The --allow-unrelated-histories flag should not be used afterwards with git pull.

New repository

If you haven't added the SSH key to your GitHub account then either you can use HTTPS link, which will require you to enter a username and password for every push to a GitHub server, or you can set up the SSH key by following the steps here.

  1. To push the code to a remote repository, git needs to know the URL of the remote repository.
  • Copy the SSH URL from GitHub repository:

Clone with SSH

  • Add the remote SSH URL into git remote entries:
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# SSH link ends with .git
 git remote add origin https://github.com/UserName/RepoName.git
sh

Here remote is a command to manage remote server connection and origin is just a conventional name for remote links.

  1. The final step is to push/move the committed changes to the remote repository:
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git push origin master
sh

Setting Up a New Node Project from GitHub

Cloning is a process of downloading a repository from a remote server via using the clone command:

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git clone https://github.com/UserName/RepoName.git
sh

The above clone command will download the project from a remote server locally. The node_modules is not a part of the cloned repository and should be downloaded using the npm install command to download all the defined and transitive dependencies mentioned in package.json file:

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# make sure that you are in the root directory of the project, use pwd or cd for windows
cd RepoName
npm install
sh

It will take some time to download all the dependencies into the node_modules directory, and after the completion of this process, the project is ready to run:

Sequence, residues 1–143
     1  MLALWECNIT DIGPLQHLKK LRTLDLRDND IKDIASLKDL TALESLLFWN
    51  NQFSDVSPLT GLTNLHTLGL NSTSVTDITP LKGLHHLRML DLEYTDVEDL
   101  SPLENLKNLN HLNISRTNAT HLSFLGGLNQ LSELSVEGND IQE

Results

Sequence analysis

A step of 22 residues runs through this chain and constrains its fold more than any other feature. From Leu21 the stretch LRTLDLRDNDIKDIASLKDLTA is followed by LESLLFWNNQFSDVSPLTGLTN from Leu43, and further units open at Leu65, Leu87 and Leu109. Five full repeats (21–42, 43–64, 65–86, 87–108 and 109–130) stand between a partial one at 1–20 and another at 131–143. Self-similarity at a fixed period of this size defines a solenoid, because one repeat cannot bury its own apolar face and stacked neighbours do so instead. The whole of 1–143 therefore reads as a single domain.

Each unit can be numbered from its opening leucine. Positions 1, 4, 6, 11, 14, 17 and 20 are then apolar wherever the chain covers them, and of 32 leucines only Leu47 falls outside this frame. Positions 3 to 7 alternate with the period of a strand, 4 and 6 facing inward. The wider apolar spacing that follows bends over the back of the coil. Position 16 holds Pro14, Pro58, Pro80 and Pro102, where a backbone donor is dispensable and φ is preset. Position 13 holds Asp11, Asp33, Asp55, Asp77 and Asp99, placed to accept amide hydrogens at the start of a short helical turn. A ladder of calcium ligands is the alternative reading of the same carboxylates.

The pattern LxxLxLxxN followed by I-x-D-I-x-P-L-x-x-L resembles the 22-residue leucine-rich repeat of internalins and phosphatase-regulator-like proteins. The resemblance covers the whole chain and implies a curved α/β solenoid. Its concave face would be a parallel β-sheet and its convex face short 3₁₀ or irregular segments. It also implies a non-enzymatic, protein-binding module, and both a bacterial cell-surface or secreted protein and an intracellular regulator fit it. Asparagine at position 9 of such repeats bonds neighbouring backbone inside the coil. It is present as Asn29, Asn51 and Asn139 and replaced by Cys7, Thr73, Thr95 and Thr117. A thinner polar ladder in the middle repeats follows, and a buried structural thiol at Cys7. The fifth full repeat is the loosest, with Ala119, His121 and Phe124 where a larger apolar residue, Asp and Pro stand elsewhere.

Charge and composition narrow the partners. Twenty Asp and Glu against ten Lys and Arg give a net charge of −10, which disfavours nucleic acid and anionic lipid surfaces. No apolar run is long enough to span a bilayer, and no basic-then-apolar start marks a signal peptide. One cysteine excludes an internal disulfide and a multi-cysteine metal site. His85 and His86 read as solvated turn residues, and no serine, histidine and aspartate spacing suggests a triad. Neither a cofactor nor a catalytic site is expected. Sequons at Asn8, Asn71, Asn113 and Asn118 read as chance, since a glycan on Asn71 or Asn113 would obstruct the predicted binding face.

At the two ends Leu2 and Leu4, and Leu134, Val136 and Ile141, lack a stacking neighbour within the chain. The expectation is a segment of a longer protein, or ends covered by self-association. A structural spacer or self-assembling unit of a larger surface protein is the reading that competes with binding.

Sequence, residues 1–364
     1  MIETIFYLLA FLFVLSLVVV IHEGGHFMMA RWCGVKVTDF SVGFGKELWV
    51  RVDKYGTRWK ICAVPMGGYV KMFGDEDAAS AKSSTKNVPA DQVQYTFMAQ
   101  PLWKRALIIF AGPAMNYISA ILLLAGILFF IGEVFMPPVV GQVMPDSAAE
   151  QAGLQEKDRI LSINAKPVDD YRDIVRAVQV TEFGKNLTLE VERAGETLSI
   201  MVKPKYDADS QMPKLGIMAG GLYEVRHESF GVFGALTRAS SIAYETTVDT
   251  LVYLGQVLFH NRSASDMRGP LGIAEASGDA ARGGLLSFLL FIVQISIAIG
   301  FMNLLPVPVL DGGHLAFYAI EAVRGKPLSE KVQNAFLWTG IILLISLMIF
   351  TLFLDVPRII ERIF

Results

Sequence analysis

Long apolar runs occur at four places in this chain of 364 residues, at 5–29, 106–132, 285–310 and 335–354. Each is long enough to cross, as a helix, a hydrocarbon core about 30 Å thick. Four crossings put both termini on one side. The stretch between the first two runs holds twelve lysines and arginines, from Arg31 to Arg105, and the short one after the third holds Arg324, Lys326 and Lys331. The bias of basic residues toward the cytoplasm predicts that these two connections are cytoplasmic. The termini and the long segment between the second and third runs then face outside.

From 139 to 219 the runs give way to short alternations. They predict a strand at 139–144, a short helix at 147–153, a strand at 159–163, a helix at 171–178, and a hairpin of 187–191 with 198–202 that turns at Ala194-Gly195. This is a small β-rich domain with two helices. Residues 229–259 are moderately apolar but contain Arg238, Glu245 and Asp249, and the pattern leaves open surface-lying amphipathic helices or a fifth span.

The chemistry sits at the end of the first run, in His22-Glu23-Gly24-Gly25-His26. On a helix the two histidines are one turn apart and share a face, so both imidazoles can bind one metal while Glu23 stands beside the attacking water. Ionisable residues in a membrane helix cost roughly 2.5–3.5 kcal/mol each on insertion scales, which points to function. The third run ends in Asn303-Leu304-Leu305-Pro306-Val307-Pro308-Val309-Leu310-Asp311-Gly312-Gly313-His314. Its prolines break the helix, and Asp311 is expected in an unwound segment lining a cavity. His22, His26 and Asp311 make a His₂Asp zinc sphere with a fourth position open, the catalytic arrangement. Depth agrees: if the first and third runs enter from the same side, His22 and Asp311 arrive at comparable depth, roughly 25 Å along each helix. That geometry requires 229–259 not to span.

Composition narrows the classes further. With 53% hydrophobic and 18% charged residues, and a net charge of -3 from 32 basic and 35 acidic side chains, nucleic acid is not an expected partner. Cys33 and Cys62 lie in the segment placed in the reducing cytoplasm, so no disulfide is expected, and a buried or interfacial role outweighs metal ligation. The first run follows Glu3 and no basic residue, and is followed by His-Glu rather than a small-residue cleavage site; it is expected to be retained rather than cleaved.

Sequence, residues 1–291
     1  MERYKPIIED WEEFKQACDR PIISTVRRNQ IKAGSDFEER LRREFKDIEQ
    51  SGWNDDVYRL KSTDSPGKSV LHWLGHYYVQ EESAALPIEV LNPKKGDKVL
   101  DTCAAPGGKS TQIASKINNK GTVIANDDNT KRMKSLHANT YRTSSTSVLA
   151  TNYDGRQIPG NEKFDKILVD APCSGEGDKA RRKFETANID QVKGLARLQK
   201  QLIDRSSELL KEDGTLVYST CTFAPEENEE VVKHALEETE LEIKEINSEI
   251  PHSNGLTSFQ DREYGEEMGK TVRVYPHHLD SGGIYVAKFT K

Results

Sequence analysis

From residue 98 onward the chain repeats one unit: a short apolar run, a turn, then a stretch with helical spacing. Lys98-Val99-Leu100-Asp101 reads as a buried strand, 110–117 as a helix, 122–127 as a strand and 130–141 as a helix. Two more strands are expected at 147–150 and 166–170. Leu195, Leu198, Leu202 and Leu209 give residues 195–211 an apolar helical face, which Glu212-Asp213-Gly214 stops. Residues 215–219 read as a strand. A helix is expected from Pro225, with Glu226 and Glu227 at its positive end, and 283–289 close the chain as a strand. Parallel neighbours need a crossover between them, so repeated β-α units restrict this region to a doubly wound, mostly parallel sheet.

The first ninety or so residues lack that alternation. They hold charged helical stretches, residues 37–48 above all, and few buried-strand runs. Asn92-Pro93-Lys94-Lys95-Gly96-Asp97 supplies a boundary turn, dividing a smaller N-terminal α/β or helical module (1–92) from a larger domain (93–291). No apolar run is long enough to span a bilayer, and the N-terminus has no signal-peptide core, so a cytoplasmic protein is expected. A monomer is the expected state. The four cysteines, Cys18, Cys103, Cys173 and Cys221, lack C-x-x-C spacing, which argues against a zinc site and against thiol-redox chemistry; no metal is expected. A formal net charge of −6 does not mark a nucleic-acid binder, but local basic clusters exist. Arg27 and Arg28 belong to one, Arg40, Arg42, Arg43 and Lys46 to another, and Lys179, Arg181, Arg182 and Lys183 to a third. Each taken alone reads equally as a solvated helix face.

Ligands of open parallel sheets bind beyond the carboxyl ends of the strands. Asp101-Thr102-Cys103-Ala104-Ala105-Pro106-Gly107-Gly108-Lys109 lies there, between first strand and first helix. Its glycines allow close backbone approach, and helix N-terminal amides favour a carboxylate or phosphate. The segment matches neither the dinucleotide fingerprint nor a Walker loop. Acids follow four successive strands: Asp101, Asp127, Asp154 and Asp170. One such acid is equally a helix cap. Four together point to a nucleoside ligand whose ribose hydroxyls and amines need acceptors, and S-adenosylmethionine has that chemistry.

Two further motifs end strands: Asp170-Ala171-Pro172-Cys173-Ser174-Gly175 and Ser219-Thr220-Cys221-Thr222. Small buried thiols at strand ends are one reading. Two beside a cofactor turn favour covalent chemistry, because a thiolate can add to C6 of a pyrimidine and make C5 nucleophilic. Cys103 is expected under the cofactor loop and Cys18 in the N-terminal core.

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npm start
sh

Tips

  • A node_modules directory can take up more than 200MB, so keeping all node_modules can cause space issues. If you really want to get rid of disk space issues and open to setup node_modules using npm install then the node_modules can be listed and deleted using the :
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# list all node_modules directories in the current path
find . -name 'node_modules' -type d -prune
# remove all node_modules directories in the current path
find . -name 'node_modules' -type d -prune -exec rm -rf '{}' +
sh

This is an irreversible process as node_modules is part of .gitignore, so make sure to verify the path and git commits before executing the above commands.

  • Explore the official React .gitignore file for more details.
  • If node_modules is already a part of a repository then it can be removed using the git rm -r --cached node_modules command, though make sure to commit and push the changes to the remote server.

Conclusion

Git and npm provides an easy way to avoid pushing bulky node_modules to a GitHub repository using the .gitignore file and npm install command. A package.json file is the source to regenerate node_modules, so this file is enough to set up a fresh copy of a Node project. Happy coding!